- Privacy/identity management and information security risks may not be addressed with enough resources (#7 in 2018). Holding its own at the seventh spot, this risk is likely to remain a top 10 risk for a long time. The proliferation of legislation to protect privacy of personal information has created enormous complexities for businesses, with the teeth of potential fines, penalties and reputation loss that cannot be ignored. As the expanding digital economy enables businesses and third-party organizations to house sensitive information obtained in many ways, fresh exposures to sensitive customer and personal information and identity theft present themselves.
- Inability to utilize data analytics and “big data” to achieve market intelligence and increase productivity and efficiency may significantly affect core operations and strategic plans (#9 in 2018). Respondents continue to be concerned with their ability to harness the power of data and advanced analytics to achieve competitive advantage and manage operations more effectively. The prevailing view is that knowledge differentiates in the digital marketplace, as the winners will be those companies that capture and analyze the insightful, clarifying intelligence that positions them to be nimbler and more responsive to market shifts and changing customer preferences than competitors.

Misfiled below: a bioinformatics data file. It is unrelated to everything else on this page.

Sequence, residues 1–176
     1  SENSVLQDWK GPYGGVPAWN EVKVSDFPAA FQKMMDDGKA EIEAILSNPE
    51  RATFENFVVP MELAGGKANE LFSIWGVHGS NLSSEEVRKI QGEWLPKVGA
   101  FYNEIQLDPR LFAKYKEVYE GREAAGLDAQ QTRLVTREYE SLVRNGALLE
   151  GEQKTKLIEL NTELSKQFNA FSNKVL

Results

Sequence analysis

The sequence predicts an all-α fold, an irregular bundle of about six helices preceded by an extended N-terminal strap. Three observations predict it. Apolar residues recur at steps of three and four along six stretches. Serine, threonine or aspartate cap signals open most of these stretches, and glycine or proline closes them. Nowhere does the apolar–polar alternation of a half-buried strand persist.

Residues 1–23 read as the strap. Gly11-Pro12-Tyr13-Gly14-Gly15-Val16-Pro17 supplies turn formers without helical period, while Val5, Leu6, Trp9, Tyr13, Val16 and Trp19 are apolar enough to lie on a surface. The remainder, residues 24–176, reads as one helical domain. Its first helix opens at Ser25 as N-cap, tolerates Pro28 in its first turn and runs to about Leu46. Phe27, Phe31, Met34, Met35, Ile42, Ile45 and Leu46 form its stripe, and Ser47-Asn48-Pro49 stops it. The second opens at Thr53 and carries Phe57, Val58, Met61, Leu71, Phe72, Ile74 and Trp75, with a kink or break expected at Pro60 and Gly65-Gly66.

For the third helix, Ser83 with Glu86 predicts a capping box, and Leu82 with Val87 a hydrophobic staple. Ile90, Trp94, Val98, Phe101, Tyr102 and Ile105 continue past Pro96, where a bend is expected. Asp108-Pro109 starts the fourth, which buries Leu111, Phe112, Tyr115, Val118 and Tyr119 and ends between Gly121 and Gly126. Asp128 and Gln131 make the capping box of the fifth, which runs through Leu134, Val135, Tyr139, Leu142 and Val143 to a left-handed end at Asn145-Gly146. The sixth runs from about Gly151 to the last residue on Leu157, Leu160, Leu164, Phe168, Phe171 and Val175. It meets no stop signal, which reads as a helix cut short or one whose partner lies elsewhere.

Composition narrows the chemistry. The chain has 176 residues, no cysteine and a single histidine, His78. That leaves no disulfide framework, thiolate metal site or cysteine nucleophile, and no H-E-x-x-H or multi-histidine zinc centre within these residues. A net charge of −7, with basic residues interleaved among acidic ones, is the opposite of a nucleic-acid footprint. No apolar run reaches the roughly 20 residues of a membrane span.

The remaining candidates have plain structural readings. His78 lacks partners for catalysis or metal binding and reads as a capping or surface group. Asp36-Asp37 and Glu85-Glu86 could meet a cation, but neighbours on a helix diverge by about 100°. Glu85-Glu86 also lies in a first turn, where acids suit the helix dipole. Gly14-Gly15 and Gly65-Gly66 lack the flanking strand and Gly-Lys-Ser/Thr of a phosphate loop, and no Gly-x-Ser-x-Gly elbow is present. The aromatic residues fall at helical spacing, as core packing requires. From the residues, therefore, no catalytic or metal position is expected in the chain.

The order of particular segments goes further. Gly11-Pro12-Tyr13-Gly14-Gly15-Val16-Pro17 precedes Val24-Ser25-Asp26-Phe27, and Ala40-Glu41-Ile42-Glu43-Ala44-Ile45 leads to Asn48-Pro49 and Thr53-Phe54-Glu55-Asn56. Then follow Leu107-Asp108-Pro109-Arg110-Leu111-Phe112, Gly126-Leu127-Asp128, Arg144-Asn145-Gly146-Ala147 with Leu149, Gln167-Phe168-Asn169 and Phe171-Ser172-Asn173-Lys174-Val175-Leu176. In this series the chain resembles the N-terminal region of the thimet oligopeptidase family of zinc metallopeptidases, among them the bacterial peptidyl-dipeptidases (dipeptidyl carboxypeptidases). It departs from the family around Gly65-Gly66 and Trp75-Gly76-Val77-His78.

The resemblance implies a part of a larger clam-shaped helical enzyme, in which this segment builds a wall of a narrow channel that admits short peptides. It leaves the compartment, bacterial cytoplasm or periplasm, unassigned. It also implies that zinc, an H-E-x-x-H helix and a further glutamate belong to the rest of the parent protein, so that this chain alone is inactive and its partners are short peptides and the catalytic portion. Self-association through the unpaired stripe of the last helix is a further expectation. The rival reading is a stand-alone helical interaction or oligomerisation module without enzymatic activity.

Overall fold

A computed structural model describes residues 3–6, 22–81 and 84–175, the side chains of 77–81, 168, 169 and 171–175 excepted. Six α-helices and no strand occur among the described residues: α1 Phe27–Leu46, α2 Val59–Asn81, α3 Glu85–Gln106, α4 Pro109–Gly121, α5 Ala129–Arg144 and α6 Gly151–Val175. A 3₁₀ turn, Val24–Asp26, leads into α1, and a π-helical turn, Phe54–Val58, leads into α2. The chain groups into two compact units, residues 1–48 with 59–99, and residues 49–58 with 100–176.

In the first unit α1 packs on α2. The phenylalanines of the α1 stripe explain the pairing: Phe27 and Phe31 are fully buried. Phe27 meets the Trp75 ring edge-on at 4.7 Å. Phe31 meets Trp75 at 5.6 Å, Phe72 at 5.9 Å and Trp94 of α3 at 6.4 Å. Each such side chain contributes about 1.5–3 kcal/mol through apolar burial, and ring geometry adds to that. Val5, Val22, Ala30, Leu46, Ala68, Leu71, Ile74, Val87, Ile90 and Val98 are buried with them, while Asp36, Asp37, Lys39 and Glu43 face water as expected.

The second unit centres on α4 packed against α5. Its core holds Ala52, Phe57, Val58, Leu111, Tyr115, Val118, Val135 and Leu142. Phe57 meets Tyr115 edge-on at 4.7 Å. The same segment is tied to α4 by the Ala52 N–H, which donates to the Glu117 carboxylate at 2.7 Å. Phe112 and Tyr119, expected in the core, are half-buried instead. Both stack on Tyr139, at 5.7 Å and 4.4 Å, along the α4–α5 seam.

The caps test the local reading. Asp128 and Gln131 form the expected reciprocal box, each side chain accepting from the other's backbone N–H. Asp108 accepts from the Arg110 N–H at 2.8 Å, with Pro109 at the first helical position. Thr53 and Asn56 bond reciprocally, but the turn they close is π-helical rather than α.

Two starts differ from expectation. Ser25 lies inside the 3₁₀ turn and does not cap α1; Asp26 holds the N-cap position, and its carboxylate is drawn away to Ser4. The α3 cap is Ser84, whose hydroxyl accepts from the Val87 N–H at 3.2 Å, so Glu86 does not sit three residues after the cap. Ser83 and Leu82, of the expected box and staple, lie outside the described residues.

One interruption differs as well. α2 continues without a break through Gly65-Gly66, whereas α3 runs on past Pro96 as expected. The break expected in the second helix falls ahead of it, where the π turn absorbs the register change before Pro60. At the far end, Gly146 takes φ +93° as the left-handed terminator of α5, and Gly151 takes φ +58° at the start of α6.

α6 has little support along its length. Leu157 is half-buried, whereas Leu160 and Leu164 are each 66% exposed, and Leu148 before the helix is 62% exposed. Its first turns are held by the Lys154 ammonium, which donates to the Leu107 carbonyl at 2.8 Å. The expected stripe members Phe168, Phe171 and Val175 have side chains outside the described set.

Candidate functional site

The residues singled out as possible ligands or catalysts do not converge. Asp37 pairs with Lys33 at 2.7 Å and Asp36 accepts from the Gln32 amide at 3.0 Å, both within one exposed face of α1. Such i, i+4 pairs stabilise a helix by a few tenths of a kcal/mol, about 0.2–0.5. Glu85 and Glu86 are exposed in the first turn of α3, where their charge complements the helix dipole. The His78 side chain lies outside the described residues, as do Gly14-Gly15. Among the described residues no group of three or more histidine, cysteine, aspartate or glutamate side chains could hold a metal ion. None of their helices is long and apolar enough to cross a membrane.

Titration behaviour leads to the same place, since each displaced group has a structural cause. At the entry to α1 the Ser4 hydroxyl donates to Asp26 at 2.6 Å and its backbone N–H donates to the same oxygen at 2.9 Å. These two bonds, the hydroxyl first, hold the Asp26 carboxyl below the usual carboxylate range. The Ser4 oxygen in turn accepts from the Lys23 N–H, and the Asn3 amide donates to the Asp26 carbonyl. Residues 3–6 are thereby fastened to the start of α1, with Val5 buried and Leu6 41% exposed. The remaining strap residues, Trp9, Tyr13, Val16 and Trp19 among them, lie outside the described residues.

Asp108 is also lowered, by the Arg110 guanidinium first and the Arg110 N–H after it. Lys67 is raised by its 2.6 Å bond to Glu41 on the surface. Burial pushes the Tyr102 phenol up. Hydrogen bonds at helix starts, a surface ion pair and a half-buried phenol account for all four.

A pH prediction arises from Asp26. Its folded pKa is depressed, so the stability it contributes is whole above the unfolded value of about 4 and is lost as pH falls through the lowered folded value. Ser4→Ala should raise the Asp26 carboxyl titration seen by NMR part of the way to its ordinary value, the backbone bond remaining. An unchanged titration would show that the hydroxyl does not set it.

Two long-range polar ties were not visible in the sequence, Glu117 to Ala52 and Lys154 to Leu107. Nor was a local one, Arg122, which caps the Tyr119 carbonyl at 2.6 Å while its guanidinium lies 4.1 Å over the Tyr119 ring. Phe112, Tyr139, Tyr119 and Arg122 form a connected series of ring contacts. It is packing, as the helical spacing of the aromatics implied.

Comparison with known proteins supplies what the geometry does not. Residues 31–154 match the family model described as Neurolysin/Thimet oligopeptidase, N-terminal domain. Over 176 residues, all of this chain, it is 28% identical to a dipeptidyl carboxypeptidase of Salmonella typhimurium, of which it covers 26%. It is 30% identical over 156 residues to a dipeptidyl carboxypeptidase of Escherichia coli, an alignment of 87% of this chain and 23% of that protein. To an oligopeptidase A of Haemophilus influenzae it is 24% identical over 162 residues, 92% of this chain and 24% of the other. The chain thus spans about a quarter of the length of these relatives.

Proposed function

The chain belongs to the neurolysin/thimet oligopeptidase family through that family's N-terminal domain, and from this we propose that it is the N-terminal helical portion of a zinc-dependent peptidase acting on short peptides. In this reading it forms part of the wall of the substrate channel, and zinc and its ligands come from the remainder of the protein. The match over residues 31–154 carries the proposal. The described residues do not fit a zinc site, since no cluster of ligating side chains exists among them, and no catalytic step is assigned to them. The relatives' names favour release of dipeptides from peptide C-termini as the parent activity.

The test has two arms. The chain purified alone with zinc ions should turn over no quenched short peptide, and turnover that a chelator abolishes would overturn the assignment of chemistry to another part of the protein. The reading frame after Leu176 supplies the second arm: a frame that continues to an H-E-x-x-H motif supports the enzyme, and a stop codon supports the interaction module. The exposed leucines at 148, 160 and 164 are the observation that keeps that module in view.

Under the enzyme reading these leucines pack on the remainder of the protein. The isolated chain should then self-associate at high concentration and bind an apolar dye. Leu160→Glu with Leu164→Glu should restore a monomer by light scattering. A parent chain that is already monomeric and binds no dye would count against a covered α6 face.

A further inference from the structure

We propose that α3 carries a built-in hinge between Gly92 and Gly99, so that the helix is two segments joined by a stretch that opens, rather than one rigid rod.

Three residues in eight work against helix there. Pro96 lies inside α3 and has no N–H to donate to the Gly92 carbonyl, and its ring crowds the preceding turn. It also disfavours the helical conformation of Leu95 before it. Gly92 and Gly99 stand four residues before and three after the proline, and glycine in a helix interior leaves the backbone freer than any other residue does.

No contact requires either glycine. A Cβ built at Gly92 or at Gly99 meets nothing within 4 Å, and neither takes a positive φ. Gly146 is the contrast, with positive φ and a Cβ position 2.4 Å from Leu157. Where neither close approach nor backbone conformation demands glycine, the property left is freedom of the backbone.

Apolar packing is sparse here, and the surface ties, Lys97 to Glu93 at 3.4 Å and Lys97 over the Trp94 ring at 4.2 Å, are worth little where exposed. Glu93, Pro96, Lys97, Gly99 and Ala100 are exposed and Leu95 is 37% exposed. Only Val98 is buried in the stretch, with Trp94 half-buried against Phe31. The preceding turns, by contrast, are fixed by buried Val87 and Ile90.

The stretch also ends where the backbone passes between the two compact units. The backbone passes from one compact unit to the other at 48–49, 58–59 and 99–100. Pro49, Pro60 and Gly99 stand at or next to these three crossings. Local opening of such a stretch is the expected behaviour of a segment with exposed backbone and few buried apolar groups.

- The organization’s culture may not sufficiently encourage timely identification and escalation of significant risk issues that have the potential to significantly affect core operations and achievement of strategic objectives (#5 in 2018). The effectiveness of formal and ad hoc upward communication processes is of vital importance to keeping an organization’s leaders in touch with business realities. Coupled with concerns over resistance to change, the presence of this risk reflects on the strength of the organization’s culture, including its tone at the top, mood in the middle and buzz at the bottom.
- Sustaining customer loyalty and retention may be increasingly difficult due to evolving customer preferences and/or demographic shifts in the existing customer base (not ranked in 2018). Companies with highchurn rates incur significant costs in replacing lost customers. Sustaining customer loyalty and retention is about increasing profitability through superior top-line performance and reduced marketing costs and other costs associated with educating new customers. Customer preferences can shift rapidly in the digital age, but companies must keep pace with such shifts and retain customers in an environment where growth rates are modest in certain sectors.